Those who follow Modern Money Theory believed that market “discipline” would eventually impose debt and deficit limits far below Maastricht criteria—to ratios closer to those imposed on US states. And with nofiscal authority in the center to match the US Treasury, the first serious economic or financial crisis would expose the flaws of the design of the euro. Because the crisis would cause member state deficits and debts to grow. At the same time markets would begin to realize that these member states are much like US states but without the backstop of a European Treasury. And that is precisely what has happened.

To be sure markets have not reacted simultaneously against all member states. If you think about it, this makes sense. There is a desire to hold euro-denominated debt—the euro is a strong currency and much of the world wants to buy European exports. So markets run out of Greece and Ireland and now Italy but need to get into other euro debt. Since Germany is the strongest member and by far the biggest exporter, it benefits the most from a run against the periphery.

Yet as Germany is a net exporter with a relatively small budget deficit, it is hard to get German debt. The biggest issuer of debt was Italy, and there was a strong belief in markets that because Italy’s debt is so large, it is like a Bank of America—too big to fail. And ditto for France and Spain. So spreads widened for Greece and Ireland and Portugal, but have only recently increased for Spain and Italy.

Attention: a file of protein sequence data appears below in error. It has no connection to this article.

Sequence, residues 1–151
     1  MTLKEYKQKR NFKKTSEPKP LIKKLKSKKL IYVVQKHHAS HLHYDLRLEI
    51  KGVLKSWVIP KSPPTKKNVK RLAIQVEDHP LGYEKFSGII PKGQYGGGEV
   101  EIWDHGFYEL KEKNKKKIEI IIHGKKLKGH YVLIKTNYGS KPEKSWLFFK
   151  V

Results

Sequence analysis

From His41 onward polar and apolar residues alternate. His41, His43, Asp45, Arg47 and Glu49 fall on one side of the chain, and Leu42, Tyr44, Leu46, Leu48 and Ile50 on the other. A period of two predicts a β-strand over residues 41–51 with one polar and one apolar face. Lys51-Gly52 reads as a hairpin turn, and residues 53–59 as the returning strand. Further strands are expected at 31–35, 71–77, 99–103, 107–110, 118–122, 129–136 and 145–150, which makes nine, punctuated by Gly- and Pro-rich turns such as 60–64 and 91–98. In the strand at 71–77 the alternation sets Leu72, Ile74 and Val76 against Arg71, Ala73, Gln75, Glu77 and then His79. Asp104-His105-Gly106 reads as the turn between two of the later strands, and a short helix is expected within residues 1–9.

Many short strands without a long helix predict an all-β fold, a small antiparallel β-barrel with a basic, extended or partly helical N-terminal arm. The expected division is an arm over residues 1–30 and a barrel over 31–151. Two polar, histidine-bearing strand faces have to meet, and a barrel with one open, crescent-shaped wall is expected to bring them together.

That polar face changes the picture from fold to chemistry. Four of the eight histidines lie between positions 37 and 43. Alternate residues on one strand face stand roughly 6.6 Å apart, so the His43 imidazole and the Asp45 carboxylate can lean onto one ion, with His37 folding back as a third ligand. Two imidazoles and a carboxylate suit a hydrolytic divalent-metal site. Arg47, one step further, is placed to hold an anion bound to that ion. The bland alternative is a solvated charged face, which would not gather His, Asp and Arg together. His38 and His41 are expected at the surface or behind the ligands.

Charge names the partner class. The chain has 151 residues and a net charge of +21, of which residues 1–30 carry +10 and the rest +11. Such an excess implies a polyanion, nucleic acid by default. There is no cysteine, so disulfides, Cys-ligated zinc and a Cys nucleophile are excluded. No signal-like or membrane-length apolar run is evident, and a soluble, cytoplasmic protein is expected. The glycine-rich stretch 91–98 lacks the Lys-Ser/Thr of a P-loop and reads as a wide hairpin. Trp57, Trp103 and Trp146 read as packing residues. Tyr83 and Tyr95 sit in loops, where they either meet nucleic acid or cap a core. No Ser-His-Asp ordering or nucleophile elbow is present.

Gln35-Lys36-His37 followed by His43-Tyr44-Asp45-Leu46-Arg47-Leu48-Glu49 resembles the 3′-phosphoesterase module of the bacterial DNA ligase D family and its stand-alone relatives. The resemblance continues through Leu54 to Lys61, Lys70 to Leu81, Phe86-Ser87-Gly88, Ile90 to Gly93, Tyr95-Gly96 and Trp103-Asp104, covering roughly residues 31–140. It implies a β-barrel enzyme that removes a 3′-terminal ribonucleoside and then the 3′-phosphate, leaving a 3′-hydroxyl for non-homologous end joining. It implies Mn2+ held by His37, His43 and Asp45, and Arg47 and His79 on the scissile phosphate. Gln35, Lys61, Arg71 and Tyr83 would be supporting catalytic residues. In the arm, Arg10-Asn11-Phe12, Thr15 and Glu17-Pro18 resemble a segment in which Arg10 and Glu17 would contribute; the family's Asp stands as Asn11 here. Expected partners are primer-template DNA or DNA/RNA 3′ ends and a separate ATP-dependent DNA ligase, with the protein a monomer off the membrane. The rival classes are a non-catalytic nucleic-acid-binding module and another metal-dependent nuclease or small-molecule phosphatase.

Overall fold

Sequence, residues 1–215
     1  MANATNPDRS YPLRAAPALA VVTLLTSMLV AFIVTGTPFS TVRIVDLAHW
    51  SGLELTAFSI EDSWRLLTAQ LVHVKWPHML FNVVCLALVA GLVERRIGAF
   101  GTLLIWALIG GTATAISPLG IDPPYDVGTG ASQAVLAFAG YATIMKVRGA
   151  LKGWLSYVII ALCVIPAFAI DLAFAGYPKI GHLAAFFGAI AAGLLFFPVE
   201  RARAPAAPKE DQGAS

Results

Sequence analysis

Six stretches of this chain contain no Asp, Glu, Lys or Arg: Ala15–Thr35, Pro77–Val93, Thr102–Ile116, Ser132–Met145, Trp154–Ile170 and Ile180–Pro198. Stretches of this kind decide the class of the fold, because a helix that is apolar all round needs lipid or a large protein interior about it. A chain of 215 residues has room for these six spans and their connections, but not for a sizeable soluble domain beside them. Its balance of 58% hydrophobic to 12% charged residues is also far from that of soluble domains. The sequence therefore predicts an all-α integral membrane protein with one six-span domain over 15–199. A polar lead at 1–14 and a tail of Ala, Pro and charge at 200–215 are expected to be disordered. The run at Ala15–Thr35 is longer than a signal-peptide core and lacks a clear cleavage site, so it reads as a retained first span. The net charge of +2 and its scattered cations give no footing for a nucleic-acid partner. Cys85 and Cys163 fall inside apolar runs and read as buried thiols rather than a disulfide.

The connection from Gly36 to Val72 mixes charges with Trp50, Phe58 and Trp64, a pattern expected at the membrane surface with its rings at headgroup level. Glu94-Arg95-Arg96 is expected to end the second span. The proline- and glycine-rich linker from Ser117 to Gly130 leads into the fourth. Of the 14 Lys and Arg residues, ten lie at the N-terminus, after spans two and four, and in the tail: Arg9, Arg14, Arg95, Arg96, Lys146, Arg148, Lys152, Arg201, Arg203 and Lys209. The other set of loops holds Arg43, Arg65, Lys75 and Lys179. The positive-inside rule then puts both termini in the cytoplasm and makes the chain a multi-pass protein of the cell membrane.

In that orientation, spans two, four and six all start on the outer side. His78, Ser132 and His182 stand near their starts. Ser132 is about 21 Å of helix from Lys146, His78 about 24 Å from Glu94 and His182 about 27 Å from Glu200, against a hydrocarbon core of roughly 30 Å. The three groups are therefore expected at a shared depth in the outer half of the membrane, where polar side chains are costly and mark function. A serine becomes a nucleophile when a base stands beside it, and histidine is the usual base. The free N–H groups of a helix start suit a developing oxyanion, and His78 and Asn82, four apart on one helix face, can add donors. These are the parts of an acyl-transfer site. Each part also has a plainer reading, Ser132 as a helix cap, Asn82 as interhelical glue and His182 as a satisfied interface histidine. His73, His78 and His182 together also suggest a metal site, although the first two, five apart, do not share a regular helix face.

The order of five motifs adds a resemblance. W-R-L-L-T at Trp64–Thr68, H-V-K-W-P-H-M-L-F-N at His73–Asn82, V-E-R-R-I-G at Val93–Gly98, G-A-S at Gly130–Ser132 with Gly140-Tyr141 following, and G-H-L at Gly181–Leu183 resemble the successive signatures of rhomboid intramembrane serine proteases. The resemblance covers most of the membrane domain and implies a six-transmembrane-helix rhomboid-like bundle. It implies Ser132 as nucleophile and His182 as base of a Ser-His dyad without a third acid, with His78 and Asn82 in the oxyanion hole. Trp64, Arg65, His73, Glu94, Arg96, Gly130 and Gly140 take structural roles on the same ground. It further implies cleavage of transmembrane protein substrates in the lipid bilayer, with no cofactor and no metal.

But after the agreement to accept a “voluntary” haircut of 50% on Greek debt, no prudent investor can any longer pretend that Italy, Spain or even France and Germany is a safe bet. Faith based investing in Euro debt is over. And note that if the stronger nations really do bail-out a Spain or an Italy, our friendly credit rating agencies will quickly downgrade the strong nations (they are now threatening France) for contributing funds to rescue their neighbors. Even Germany will not be safe if it participates in a bailout of Italy by committing funds.

There is thus a damned-if-you-do and damned-if-you-don’t dilemma. A bail-out by member states threatens the EMU by burdening and eventually bringing down the strong states; and allowing too-big-to-fail Italy to default would prove to markets that no member state is safe.

And this is why it does not matter how much the ECB lends to Eurobanks—the banks would be crazy to buy up government debt. And it is hard to believe that any US money managers can make a case that it is still prudent to invest in euro debt.